Then, at the bottom of page 2, it is stated that it was found that essential oils containing thymol in amounts corresponding to a carvacrol : thymol ratio of lower than 5 : 1 do not have satisfactory antimicrobial activity. In line with this finding, it is said on page 3 in the section "Summary of the invention" that the herbal essential oil contained in the pharmaceutical composition of the invention is characterised inter alia in that the ratio of carvacrol to thymol is at least 10 and that this ratio is found to provide for surprising antimicrobial properties.
Apart from the general description of the invention document D5 comprises nine examples, examples 1 and 2 of which disclose subject-matter relevant in the present context because they relate, inter alia, to compositions for veterinary use. In toto, Examples 1 and 2 disclose five different compositions for veterinary use.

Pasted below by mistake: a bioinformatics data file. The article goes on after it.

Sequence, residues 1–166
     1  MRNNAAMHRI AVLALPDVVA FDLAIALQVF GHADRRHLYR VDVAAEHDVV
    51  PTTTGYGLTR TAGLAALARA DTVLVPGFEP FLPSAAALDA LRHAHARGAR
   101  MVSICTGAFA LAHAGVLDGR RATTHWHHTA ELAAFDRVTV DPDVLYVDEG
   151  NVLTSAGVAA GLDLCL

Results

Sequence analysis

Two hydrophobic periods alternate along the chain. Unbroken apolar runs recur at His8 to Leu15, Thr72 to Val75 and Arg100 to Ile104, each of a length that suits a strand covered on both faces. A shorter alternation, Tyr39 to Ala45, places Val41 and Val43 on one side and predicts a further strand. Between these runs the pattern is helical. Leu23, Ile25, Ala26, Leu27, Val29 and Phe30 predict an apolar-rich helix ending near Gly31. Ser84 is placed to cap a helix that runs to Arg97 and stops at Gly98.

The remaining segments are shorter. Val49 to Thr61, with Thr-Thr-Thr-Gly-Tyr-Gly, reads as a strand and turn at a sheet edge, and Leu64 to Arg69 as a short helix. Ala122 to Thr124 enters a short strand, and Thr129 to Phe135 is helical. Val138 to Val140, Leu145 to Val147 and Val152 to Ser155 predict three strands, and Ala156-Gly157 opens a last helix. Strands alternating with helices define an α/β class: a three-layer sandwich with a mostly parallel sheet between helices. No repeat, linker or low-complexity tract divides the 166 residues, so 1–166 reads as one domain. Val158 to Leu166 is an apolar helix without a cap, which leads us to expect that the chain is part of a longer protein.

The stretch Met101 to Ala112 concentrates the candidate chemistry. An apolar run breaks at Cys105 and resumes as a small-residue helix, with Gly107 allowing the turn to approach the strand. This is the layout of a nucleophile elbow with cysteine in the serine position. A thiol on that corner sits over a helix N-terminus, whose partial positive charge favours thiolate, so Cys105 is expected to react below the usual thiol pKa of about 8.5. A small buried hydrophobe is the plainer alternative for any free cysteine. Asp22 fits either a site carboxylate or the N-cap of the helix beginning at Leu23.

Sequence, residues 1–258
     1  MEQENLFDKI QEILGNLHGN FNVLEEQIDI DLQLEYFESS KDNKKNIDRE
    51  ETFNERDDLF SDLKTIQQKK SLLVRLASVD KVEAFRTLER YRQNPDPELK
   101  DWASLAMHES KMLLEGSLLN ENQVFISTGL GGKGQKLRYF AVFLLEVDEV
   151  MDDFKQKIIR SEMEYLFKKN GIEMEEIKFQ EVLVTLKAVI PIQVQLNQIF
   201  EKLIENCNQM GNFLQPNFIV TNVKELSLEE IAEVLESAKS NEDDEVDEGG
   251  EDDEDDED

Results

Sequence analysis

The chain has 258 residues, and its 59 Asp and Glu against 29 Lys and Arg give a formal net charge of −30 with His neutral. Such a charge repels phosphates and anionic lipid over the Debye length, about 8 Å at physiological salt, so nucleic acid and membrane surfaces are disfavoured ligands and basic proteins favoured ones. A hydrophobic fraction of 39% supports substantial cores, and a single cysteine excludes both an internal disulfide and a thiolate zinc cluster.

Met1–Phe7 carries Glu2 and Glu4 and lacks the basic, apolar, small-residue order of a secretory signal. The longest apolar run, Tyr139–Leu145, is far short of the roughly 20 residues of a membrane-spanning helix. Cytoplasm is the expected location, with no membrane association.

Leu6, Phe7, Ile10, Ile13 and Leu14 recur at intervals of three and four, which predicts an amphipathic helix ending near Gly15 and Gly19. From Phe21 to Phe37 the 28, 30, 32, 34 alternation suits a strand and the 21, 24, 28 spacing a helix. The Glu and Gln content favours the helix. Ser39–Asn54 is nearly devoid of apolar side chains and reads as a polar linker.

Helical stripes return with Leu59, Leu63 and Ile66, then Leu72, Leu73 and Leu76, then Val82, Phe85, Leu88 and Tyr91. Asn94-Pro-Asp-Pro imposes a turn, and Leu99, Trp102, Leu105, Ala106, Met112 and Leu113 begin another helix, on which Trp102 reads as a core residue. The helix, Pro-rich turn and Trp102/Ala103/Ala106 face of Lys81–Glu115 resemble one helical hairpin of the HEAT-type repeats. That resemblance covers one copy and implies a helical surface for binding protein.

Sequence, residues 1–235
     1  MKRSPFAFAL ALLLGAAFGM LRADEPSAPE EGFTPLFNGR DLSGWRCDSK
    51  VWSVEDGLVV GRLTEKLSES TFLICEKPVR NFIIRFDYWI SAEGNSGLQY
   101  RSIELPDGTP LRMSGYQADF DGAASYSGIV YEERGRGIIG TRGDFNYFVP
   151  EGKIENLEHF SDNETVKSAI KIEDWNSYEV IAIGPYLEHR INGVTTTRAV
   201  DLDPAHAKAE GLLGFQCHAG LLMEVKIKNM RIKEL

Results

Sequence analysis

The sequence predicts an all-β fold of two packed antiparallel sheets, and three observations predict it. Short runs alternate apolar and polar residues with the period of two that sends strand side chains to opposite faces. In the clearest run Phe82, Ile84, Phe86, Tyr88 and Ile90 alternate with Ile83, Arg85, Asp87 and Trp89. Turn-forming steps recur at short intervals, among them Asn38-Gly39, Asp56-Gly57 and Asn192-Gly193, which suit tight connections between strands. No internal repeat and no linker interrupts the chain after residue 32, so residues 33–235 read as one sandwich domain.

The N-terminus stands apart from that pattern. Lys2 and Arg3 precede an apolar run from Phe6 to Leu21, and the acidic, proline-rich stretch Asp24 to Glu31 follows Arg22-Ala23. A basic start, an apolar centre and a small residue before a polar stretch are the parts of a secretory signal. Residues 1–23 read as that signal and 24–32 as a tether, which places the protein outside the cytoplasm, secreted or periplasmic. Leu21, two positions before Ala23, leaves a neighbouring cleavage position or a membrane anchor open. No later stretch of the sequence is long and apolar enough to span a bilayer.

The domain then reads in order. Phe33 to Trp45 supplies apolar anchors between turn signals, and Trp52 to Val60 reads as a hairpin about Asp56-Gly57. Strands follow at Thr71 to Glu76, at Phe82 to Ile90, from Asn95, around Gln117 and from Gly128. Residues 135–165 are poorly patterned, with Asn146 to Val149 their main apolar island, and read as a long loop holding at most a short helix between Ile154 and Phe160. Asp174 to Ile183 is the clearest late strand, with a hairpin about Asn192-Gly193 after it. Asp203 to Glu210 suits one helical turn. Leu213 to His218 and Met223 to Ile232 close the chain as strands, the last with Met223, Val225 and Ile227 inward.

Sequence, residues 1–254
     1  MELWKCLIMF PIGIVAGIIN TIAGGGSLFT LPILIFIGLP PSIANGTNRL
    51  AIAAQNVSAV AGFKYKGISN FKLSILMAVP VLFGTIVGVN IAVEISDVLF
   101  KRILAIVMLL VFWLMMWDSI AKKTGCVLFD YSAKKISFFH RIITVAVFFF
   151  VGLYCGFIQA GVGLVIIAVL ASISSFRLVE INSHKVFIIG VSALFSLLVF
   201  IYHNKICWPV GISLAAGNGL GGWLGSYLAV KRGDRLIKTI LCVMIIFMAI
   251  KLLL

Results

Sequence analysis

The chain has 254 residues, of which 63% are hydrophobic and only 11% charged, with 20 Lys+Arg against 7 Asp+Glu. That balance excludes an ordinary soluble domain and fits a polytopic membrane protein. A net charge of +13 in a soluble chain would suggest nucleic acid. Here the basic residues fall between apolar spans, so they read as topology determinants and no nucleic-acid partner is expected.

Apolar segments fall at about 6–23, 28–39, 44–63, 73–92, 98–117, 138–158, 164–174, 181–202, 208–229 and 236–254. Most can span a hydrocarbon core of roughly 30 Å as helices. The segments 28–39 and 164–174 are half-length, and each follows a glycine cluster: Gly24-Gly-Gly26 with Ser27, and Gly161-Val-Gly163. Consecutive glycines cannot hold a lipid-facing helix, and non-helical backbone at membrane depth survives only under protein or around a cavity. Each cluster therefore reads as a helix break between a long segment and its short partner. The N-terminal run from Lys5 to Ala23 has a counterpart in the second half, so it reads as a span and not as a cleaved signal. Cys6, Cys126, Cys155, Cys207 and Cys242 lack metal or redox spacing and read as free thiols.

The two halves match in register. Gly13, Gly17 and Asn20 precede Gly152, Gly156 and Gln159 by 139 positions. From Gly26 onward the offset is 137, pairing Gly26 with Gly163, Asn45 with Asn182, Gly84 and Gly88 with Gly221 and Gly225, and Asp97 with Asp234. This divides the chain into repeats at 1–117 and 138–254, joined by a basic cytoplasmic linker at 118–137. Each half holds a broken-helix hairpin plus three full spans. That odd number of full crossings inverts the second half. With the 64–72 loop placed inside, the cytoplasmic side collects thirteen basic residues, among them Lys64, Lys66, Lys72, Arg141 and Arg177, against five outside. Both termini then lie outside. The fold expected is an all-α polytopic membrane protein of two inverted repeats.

The relevant parts of Examples 1 and 2 read as follows:
"Examples 1 to 9
Examples 1 to 9 concern the preparation of pharmaceutical compositions comprising the essential oil of origanum hyrtum [...] .
There is provided a pharmaceutical composition for medical and veterinary uses for the treatment of Salmonellosis, Staphylococciasis, Pasteuridiosis and Colobacillosis (caused by E. coli) that attack the abdominal region (stomach and intestines) of humans and animals.
The composition is prepared in powder form, in syrup form or in paste form.
a) Powder form
The amounts of the essential ingredients used to prepare the powder from are given below:
Ingredient Veterinary use [...]
CaCO3 94% [...]
Lactose - [...]
Tannin 1% [...]
Origanum hyrtum oil 5% [...]
b) Syrup form
As mentioned above, the pharmaceutical composition for the treatment of Salmonellosis, Staphylococciasis, Pasteuridiosis and Colobacillosis (caused by E. coli) can also be in syrup form. [...]
Ingredient Veterinary use [...]
Polyethylene glycol 92,5% [...]
Origanum hyrtum oil 5% [...]
Tannin 1% [...]
Glycerine monostearate 1,5% [...]